The Zoning Board of Appeals this week rejected a proposed condo building on the site of a former asthma-inhaler factory in West Roxbury, citing neighborhood concerns about density, parking and the developer's proposal to assemble prefab modular units on the site, rather than hiring local workers for more traditional construction.
Local landlord Michael Argiros had proposed tearing down the factory on Lagrange Street near Centre - which caught fire days after he bought it - and replacing it with a 40-condo building assembled out of modular units fabricated in a factory, with 65 parking spaces.
At a hearing Tuesday (watch the hearing - starts at roughly 2:10:00), Argiros's attorney, Dennis Quilty, said that after numerous meetings with residents over more than two years, Argiros reduced the size of the proposed building, decreased the number of parking spaces and agreed to make the units condos rather than apartments, and that the project would remove what is "really a blighted property in the neighborhood."
But board member Mark Erlich, who is also executive secretary and treasurer of the New England Regional Council of Carpenters, used the proposed modular construction to open an attack on the project. City officials have frequently expressed skepticism of such prefab units being bolted together, he said. But he added:
It also removes a lot of [work] hours that could be done by people who live and work in the city vs. people in Maine, who wear sneakers.
Mayor Walsh supported the project. Last October, the BRA approved an earlier plan calling for 48 apartments and 81 parking spaces.
City councilors Matt O'Malley (West Roxbury, Jamaica Plain) and Michael Flaherty (at large) opposed the proposal, citing neighborhood concerns about traffic and the size of the project, even at 40 units.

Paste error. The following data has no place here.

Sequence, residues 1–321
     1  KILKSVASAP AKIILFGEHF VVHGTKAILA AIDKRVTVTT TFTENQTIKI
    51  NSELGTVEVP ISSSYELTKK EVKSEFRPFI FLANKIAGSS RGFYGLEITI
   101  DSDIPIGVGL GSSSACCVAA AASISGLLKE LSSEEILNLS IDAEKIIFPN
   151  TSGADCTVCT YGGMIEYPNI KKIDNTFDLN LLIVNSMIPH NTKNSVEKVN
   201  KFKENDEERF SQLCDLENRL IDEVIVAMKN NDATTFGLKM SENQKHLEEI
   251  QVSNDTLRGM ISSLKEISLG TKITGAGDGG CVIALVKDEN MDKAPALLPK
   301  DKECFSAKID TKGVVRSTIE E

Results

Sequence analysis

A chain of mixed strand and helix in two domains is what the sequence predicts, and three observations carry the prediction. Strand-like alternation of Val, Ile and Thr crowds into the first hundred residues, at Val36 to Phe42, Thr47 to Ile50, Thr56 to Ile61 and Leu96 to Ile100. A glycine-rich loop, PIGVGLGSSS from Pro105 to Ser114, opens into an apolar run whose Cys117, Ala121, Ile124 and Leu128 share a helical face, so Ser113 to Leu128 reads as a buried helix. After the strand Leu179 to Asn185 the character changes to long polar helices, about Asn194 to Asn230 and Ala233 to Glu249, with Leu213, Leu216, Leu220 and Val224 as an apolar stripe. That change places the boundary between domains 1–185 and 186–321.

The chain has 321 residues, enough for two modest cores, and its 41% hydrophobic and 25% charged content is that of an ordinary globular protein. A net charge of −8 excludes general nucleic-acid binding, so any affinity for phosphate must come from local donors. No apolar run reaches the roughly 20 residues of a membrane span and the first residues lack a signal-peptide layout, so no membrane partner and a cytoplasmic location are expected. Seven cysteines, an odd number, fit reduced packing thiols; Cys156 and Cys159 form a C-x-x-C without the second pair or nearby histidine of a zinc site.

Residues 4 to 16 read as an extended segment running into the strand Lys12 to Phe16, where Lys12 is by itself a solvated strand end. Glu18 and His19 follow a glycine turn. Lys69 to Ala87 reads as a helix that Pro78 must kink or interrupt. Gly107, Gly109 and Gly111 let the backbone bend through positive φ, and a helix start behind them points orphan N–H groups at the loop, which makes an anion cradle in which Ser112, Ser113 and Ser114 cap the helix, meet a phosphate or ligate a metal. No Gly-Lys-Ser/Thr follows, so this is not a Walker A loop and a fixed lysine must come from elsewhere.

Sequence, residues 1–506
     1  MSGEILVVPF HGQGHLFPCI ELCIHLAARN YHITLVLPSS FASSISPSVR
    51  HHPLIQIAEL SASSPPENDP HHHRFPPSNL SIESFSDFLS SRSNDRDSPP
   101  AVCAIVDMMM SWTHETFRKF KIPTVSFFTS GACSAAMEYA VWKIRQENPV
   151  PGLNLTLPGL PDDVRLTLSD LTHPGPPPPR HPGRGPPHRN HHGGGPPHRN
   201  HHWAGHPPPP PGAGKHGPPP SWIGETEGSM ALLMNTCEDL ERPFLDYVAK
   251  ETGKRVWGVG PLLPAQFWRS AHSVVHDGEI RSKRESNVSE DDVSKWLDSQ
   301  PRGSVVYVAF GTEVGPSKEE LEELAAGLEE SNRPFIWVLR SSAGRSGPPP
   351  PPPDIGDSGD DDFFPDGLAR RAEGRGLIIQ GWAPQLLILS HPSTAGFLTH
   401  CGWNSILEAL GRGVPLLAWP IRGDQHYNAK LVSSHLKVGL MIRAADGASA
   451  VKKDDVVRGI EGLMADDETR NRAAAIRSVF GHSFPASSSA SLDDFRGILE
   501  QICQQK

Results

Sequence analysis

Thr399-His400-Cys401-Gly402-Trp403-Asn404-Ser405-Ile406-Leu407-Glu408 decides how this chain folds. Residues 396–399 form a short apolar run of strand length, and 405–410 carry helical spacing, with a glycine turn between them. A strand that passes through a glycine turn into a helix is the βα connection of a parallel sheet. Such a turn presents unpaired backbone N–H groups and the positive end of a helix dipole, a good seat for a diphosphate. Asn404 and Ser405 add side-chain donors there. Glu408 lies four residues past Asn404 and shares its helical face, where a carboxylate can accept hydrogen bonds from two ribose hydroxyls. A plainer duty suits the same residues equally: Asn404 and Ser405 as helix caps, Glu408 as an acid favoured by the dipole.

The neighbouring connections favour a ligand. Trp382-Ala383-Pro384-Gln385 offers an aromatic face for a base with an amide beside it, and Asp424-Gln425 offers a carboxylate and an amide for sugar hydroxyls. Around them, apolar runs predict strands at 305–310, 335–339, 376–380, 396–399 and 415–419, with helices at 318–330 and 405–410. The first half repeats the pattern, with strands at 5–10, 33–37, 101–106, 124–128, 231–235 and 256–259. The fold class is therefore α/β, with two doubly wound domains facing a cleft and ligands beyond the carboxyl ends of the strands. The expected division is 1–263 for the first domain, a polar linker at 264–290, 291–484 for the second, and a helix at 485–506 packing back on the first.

Tim Sullivan, vice president of the West Roxbury Civic and Improvement Association, also questioned what neighbors could expect given the upkeep of Argiros's existing buildings at Carol Circle and VFW Parkway in West Roxbury and in Davis Square in Somerville. The type of problems he said exist there doesn't "fit in with out neighborhood of West Roxbury" - and the fact Argiros has let the Lagrange property rot after the fire doesn't speak well of any future development there.
Residents living near the project said they were concerned about condo dwellers refusing to use the building's garage and instead taking up spaces along Lagrange Street - and using nearby side streets as shortcuts, showing typical Boston-driver lack of concern for all of the runners, bicyclists, parents with strollers and young kids who frequent the area, such as, as one resident pointed out, the annual Shamrock Shootout street-hockey tournament a few blocks away on Temple Street.
One resident questioned why Argiros wasn't using the property for stores, as he'd be allowed under its zoning, in a part of West Roxbury that hasn't seen new commercial development in 50 years; another noted the lack of a loading dock and questioned why the board should let the project be just one foot away from a rear lot line rather than the 40 feet required by zoning.
In response, Quilty said his client has been put in somewhat of an impossible situation: He said that at some meetings, residents complained that many of the existing storefronts along Centre Street are vacant; that Argiros removed the loading dock after a complaint from the same guy who complained about the lack of one at the hearing, and that the rear setback is along the property's border with a cemetery, whose denizens are not raising complaints about the issue.